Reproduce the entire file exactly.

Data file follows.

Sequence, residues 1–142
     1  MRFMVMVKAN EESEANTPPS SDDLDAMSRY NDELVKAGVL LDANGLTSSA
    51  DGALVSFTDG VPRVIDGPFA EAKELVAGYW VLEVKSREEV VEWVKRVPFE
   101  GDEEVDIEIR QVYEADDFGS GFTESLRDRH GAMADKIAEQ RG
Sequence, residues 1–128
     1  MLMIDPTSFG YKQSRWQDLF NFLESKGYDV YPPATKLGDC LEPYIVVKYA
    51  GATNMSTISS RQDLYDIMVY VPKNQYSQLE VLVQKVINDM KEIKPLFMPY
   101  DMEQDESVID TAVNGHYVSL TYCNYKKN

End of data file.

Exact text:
Sequence, residues 1–142
     1  MRFMVMVKAN EESEANTPPS SDDLDAMSRY NDELVKAGVL LDANGLTSSA
    51  DGALVSFTDG VPRVIDGPFA EAKELVAGYW VLEVKSREEV VEWVKRVPFE
   101  GDEEVDIEIR QVYEADDFGS GFTESLRDRH GAMADKIAEQ RG
Sequence, residues 1–128
     1  MLMIDPTSFG YKQSRWQDLF NFLESKGYDV YPPATKLGDC LEPYIVVKYA
    51  GATNMSTISS RQDLYDIMVY VPKNQYSQLE VLVQKVINDM KEIKPLFMPY
   101  DMEQDESVID TAVNGHYVSL TYCNYKKN